A ‘pirate’ generally means the one who robs ships and therefore, considered an outlaw or a criminal. However, the limited knowledge of pirates and Jack Sparrow’s infamous movie series, Pirates of the Caribbean has turned pirates into legends and romantic heroes, who though acting outside law are not villains. Kulpreet Yadav’s latest thriller, The Girl Who Loved a Pirate brings home a story of pirates whose existence is as real as street thugs, as per the author who has worked as a Commander for two decades with the Indian Coast Guard.
Drawing on his experience, the author narrates a thrilling tale of murder, piracy, espionage and drugs which keep the reader going until the end.
The Girl Who Loved a Pirate begins with Ba-Qat, the ‘Pirate of the World’ who being in love with Dao-Ming resolves to renounce a life of piracy but before doing so, he decides to go for one last kill (plunder a ship) but it turns out to be his nemesis. Betrayed, he ends up being caught and locked up in a high-security Malaysian jail. Introducing a subplot, the story moves to Noida, where the reader is introduced to Andy Karan, an investigative journalist who is informed that his colleague has been murdered and it might be due to a drug story on which he was working. Andy goes to Goa to investigate the murder; however the plot thickens when the reader discovers that Andy is also an undercover spy on a payroll of the Indian government. Summoned by the Indian government, he is roped into a covert mission to capture a foreign ship carrying drugs. What further intricate the plot is the involvement of the pirate of the world and his girlfriend, Dao-Ming. And the suspense continues and unravels in the rave parties of Goa and high seas.
Constantly shifting from land to sea, Andy Karan is the connecting link between the stories. A master spy and a brilliant journalist, Andy is no Jason Bourne or James Bond; he is more of a Chief Inspector Jacques Clouseau from Pink Panther movie series. Not macho or violent, he is a spy with a conscience for whom killing is not easy, “He had killed a man. It was an evil thing to do. The inner voice echoed, loud and clear. But the man he killed had tried to kill him the previous night. After some hesitation the inner voice repeated: It was still a bad thing to do.”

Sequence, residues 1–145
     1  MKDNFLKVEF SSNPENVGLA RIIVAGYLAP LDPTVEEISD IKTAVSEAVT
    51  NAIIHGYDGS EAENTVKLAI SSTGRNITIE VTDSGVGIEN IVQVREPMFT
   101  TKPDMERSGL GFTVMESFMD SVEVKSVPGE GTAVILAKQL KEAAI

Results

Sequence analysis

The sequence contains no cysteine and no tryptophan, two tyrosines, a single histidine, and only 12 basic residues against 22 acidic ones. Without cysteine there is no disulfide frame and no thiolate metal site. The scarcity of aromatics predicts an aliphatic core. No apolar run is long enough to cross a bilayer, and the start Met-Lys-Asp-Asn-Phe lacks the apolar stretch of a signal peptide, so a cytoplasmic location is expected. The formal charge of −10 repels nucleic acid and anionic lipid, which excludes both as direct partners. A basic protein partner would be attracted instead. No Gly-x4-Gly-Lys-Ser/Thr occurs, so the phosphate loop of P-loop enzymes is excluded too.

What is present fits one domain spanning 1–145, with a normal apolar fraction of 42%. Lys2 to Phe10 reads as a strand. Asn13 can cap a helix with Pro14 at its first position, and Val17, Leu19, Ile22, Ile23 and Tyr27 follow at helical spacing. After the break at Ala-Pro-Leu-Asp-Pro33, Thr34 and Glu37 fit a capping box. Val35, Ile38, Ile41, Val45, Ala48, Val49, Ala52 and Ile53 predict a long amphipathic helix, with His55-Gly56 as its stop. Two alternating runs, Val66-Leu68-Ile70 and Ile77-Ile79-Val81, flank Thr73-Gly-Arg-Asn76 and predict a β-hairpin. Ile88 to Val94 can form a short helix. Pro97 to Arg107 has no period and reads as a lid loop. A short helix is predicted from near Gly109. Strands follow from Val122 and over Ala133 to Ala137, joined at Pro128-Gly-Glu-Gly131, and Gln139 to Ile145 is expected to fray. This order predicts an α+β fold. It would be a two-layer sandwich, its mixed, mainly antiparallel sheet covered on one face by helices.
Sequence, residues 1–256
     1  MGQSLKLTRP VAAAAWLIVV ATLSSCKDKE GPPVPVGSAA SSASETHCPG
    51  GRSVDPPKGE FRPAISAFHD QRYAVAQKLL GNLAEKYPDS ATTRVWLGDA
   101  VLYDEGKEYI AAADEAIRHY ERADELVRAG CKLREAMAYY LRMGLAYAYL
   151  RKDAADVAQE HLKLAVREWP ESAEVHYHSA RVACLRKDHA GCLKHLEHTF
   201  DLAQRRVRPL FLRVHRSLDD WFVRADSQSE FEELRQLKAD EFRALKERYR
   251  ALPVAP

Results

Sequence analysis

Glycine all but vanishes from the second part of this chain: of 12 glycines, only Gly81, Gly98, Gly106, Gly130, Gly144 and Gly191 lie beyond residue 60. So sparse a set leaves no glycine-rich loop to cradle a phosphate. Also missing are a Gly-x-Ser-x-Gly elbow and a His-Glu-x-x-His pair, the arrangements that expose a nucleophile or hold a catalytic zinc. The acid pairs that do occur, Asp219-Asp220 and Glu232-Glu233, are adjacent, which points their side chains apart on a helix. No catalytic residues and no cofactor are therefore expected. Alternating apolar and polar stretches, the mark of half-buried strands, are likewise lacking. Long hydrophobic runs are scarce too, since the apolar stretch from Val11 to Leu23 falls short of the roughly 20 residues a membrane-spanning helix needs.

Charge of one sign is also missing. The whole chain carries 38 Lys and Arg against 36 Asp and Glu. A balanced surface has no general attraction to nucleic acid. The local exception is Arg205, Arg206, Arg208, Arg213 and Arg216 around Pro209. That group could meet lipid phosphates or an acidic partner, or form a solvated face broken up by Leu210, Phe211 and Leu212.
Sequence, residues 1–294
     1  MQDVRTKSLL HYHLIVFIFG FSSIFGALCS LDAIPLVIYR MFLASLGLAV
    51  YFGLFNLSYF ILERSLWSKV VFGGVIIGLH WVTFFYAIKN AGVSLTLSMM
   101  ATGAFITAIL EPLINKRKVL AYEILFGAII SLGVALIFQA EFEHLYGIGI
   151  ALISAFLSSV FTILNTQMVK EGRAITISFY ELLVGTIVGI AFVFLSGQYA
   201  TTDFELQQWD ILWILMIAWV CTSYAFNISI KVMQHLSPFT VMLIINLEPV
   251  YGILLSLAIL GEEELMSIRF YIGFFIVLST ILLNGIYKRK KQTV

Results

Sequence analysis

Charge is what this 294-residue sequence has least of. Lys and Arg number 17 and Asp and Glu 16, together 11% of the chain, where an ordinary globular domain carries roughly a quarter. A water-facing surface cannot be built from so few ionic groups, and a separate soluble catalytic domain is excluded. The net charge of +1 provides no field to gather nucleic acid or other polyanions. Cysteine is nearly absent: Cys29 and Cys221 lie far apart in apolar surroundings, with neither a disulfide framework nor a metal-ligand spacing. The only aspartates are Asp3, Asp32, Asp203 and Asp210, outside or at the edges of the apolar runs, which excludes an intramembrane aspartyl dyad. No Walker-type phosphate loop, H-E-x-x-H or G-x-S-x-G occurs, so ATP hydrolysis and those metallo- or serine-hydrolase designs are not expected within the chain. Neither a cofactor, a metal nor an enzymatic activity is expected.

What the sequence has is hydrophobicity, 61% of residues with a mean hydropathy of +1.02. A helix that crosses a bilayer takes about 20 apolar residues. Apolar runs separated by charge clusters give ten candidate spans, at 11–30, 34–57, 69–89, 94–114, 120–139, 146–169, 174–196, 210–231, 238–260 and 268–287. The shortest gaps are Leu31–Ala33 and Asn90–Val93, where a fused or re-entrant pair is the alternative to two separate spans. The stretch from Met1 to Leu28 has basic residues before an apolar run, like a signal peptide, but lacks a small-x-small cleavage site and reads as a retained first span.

Easily mistaken for a ‘careless man’, Andy doesn’t look like a super spy and escapes from dangerous situations more due to chance and wit than his physical prowess and this is his strength which makes him more relatable to the reader.
Though the book is well researched, both when it comes to geography and how the piracy operations are planned and the author makes a smooth transition between two different story lines; what befuddles the reader is the title. The reader picks up the book with an expectation to read the story about a girl who loved the pirate but throughout the book, the girl remains passive and in the backdrop of an entire action. Albeit, she drives the actions of the two lead characters; yet never features in the action herself and is not granted an enough space in the narrative to justify the title. Also, the attitude of the author towards the pirates remains slightly ambivalent; although they are no heroes, they also don’t turn out to be the villains of the piece.
Despite all these, the narrative is fast-paced, exhilarating and makes the reader privy to the maritime world which definitely makes the book a page-turner.